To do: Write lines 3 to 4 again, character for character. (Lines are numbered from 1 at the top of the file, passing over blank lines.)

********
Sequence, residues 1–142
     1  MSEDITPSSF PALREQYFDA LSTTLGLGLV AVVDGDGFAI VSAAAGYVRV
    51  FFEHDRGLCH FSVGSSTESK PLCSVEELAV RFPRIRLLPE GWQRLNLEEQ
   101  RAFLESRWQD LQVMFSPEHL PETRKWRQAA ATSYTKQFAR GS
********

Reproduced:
    51  FFEHDRGLCH FSVGSSTESK PLCSVEELAV RFPRIRLLPE GWQRLNLEEQ
   101  RAFLESRWQD LQVMFSPEHL PETRKWRQAA ATSYTKQFAR GS